Each generation creates new illustrations of our classics, just as every era re-translates the foreign masterpieces. Apparently, we require our own idiom.

The latest such re-envisioning is Helen Oxenbury's sparkling new edition of Alice's Adventures in Wonderland for Candlewick Press. Since its publication in 1865, Alice has been interpreted by many illustrators. Lewis Carroll himself was first, but he wasn't deemed competent to portray his imaginary world in the published book and its sequel. As a result, the volumes will forever be associated with the witty, stylized drawings of John Tenniel. But there have been other famous portrayals. Arthur Rackham's scenes are as moody as a Grimm fairy tale; Ralph Steadman's characters are needlessly grotesque; Barry Moser's Humpty Dumpty resembles Richard Nixon.

Helen Oxenbury has joined the long tradition, but definitely given the book her own bright twist. The Rabbit and Dormouse are extremely rabbitty and mousey. With his pencil mustache, the overweight, slouching Hatter looks like Oliver Hardy on a bad day. Most important for drawing young readers into this challenging masterpiece, Oxenbury's Alice looks like one of them. She is a modern-looking blond girl in a sleeveless blue dress and white sneakers and she has an appropriately feisty air. When the Red Queen rails at her, Alice stands with her hands on her hips and glares back. She leans on a table and gazes longingly at the stolen tarts. Following the tumble into the Pool of Tears, she looks drenched and convincingly shivery. Helen Oxenbury's paintings and drawings have a fitting kind of playful innocence that some other versions lack, which will draw young readers. Particularly impressive is her take on some of the requisite bring-down-the-house numbers several pages of Alice shrinking and growing, double-page spreads of the tea party and the trial of the Knave of Hearts.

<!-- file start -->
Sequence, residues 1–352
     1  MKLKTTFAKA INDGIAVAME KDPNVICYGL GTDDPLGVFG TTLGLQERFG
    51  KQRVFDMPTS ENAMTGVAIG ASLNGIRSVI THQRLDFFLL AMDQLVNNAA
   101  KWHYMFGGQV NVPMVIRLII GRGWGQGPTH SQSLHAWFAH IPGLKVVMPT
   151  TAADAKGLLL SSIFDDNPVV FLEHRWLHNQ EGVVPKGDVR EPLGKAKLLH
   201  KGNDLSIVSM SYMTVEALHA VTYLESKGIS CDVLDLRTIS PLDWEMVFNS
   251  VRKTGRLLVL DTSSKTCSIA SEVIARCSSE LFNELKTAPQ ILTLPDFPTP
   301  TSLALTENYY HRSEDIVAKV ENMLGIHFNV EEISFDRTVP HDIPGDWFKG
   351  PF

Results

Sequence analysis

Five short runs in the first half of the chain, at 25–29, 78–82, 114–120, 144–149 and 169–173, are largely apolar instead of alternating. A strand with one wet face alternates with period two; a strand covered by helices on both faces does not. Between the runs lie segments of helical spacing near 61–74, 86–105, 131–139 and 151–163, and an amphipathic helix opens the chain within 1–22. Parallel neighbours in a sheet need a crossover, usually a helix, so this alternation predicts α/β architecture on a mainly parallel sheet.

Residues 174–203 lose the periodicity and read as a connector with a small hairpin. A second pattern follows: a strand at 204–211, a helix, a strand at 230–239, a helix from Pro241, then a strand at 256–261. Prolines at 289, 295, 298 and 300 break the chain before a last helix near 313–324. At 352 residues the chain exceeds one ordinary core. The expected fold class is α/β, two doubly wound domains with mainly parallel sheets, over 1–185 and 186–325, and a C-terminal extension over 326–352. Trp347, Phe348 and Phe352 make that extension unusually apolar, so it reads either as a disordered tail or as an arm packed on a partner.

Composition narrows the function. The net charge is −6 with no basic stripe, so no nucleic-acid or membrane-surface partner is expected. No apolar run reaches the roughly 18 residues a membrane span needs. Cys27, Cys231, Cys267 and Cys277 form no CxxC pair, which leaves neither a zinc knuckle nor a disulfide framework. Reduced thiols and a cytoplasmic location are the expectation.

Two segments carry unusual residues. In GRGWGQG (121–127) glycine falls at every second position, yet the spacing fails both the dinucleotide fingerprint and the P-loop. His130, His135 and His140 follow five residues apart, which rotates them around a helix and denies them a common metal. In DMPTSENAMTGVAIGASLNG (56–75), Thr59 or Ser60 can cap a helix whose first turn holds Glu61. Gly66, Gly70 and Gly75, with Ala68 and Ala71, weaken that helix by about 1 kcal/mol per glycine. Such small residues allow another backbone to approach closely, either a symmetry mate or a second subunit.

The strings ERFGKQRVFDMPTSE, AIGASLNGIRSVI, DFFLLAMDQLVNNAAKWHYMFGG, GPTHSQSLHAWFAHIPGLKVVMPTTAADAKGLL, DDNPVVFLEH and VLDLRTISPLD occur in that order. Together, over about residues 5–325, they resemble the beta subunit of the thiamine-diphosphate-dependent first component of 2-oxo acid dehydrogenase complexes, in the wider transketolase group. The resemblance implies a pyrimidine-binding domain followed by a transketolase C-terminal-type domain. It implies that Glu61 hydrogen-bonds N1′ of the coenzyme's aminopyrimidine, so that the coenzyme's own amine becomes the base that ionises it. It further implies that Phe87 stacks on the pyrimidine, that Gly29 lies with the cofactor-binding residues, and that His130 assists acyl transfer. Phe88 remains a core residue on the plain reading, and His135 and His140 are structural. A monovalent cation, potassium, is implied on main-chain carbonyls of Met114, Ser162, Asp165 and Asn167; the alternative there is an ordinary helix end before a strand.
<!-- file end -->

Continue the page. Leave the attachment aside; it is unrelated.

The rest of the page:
The volume is oversized, the typeface large and friendly, the margins generous. This beautiful book quietly takes Alice out of the inky hands of scholars and places her back in the hands of children, where she has always belonged.

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